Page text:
India Today - - COVER STORY -

Akhilesh take sole credit for these projects. What had be­gun as a fight for con­trol be­tween un­cle and nephew has now be­come an ego clash be­tween fa­ther and son. How much the SP will link these devel­op­ment projects with their re­elec­tion cam­paign, and who will get recog­ni­tion for them, is now an open ques­tion. This dis­tinc­tion be­tween leader and chief min­is­ter has now be­come even more con­fus­ing, be­cause a di­min­ished Akhilesh con­tin­ues to be the party’s can­di­date for the job. With no new path­breaking idea to fall back on, it is hard to see how the SP will at­tract vot­ers from out­side its tra­di­tional fold—back­ward castes and Mus­lims. In­deed, even these are at risk as both these vote­banks are be­ing wooed by sev­eral oth­ers in the fray.

The Congress is try­ing to at­tract Mus­lims by em­ploy­ing the message that it is the only party in the run­ning that is capable of tak­ing on the pro­Hin­dutva BJP on the na­tional stage. The BSP, on the other hand, is hop­ing for a shift in Mus­lim votes by pro­ject­ing it­self as the only party capable of win­ning enough seats to stop the BJP from storm­ing to power in UP. The BJP it­self is try­ing to win over a sec­tion of the back­ward­caste vot­ers by in­vok­ing a Hindu coali­tion sim­i­lar to the one it had man­aged to fash­ion for the 2014 Lok Sabha elec­tion, when it won a stag­ger­ing 71 out of 80 seats in the state.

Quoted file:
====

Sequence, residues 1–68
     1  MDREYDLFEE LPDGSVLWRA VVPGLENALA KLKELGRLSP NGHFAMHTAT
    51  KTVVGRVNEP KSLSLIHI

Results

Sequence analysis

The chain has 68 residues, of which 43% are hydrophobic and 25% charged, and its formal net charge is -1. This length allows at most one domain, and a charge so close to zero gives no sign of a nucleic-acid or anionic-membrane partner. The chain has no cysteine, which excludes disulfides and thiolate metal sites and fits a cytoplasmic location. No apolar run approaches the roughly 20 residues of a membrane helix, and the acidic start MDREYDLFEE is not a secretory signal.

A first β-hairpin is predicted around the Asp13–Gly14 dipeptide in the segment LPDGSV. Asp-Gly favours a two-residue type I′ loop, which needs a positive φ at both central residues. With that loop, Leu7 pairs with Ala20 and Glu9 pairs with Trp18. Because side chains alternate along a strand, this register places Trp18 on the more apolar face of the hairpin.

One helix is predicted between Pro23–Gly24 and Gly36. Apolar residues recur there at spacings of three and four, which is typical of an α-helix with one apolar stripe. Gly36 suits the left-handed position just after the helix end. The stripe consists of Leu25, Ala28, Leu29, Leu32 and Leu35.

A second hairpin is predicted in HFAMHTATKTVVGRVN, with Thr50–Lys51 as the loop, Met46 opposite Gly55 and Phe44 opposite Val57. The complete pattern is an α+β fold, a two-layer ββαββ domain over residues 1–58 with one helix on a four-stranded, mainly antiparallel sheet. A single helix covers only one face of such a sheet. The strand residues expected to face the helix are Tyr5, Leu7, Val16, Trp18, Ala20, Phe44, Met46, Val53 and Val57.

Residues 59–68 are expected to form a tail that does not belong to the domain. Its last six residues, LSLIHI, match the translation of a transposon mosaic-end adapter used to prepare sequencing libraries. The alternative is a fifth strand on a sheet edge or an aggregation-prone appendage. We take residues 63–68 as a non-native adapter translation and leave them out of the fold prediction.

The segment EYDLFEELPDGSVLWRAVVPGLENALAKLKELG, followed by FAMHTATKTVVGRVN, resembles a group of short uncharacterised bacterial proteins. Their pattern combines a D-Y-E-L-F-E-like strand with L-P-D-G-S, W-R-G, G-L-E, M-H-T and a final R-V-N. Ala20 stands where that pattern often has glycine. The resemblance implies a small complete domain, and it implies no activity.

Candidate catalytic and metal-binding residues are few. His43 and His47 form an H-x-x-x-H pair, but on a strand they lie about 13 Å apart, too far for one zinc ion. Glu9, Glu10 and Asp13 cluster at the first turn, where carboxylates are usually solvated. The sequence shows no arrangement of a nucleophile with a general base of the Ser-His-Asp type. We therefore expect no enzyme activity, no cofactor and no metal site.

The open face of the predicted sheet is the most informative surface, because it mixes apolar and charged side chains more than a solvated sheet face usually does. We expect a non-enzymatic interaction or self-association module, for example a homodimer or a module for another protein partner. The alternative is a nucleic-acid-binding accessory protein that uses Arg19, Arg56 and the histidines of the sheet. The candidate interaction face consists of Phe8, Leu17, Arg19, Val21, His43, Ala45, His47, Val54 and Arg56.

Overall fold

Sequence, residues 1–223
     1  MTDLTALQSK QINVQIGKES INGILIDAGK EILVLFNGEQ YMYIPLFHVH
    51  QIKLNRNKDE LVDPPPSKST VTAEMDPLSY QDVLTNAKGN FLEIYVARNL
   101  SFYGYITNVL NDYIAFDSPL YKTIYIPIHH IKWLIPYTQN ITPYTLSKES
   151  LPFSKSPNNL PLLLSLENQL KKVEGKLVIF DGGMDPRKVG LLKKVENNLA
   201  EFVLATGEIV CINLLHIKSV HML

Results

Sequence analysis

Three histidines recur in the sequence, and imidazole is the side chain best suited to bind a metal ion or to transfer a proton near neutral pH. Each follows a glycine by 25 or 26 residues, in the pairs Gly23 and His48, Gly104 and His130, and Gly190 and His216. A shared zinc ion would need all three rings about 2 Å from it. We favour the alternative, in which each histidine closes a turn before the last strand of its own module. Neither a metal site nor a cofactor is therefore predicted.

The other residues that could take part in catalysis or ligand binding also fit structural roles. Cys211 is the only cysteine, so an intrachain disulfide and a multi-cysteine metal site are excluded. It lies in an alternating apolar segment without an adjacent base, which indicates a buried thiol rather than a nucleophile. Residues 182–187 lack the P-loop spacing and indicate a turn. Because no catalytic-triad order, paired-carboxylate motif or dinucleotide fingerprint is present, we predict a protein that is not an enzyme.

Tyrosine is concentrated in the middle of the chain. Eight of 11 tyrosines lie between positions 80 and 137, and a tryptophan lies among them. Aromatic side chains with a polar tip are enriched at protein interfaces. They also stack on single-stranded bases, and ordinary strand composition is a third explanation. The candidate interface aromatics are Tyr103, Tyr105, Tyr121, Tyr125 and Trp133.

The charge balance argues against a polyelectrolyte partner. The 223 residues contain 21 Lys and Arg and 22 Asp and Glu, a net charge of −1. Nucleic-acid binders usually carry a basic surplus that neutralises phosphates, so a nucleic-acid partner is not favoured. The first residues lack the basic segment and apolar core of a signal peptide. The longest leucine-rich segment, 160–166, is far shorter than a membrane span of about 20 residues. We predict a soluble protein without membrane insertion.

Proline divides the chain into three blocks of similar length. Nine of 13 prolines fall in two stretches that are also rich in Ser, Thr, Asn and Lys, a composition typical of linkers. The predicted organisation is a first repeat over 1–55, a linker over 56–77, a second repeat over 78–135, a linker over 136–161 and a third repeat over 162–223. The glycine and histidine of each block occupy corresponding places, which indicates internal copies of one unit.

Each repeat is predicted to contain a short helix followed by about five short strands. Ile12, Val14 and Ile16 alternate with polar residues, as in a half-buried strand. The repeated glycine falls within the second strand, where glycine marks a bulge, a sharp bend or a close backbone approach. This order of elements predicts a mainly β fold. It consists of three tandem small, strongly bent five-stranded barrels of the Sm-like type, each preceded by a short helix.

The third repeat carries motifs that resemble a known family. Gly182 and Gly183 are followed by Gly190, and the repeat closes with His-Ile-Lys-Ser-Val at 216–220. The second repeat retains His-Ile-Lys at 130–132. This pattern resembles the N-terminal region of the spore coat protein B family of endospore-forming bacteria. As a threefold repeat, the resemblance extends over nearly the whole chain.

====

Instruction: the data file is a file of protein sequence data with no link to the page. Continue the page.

Mu­layam be­lieves that Akhilesh’s ploy to over­whelm these caste com­pli­ca­tions with the ubiq­ui­tous prom­ise of devel­op­ment for all was never go­ing to work. His strat­egy, with which Shiv­pal and Amar Singh are in sync, is to am­plify these di­vi­sions rather than to sup­press them—to ap­peal to vot­ers from back­ward castes on the grounds that they are one of them, and to Mus­lim vot­ers on the grounds that the SP is the only party com­mit­ted to sav­ing them from the BJP’s Hin­dutva agenda. As ev­i­dence of this, it is telling the com­mu­nity that Mayawati had aligned with the BJP in the past, and could do it again if it is po­lit­i­cally ex­pe­di­ent. Mu­layam is also hop­ing that hav­ing Amar Singh in the fold will pull some Thakur votes away from the BJP to his own party.

Bank­ing on so­cial en­gi­neer­ing alone, given Ut­tar Pradesh’s con­vo­luted poll arith­metic, is a dan­ger­ous game to play at the best of times. The caste di­vi­sions are so in­tri­cate, and the num­bers game so tight, that a small shift ei­ther way can change a party’s for­tunes. In 2012, when the SP surged to power with 224 of the 403 seats, its vote share was 29 per cent com­pared with the in­cum­bent Mayawati’s 26 per cent. The BJP and Congress had man­aged to win just 15 and 12 per cent votes, re­spec­tively. But the scene changed dra­mat­i­cally in 2014, when the Modi wave got the BJP 43 per cent of the votes, while re­duc­ing the rul­ing SP to 22 per cent. The BSP, which got al­most 20 per cent of the pop­u­lar vote, could not even open its ac­count. Add anti­in­cum­bency to the mix and the equa­tion gets even more com­pli­cated.

Whether Akhilesh’s devel­op­ment mantra would have been enough to win the elec­tion is dif­fi­cult to say, but at the very least, it of­fered the party a par­al­lel agenda. Un­der no cir­cum­stances could it have ended up hurt­ing the SP’s chances. At a time when things were look­ing com­fort­able in the run­up to the polls, the party has un­wit­tingly made the game a lit­tle more in­ter­est­ing—not just for it­self but for the oth­ers as well.

Fol­low the writer on Twit­ter @_ku­nal_prad­han


Akhilesh Ya­dav at the Luc­know in­ter­na­tional cricket sta­dium

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